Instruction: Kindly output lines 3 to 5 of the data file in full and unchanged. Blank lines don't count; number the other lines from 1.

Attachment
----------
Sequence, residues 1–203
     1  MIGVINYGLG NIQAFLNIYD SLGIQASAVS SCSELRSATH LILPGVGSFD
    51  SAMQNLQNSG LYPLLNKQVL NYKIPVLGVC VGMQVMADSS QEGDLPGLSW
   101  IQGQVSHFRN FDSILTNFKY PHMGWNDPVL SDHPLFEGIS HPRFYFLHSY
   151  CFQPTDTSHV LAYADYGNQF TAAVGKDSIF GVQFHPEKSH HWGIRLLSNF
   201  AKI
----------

    51  SAMQNLQNSG LYPLLNKQVL NYKIPVLGVC VGMQVMADSS QEGDLPGLSW
   101  IQGQVSHFRN FDSILTNFKY PHMGWNDPVL SDHPLFEGIS HPRFYFLHSY
   151  CFQPTDTSHV LAYADYGNQF TAAVGKDSIF GVQFHPEKSH HWGIRLLSNF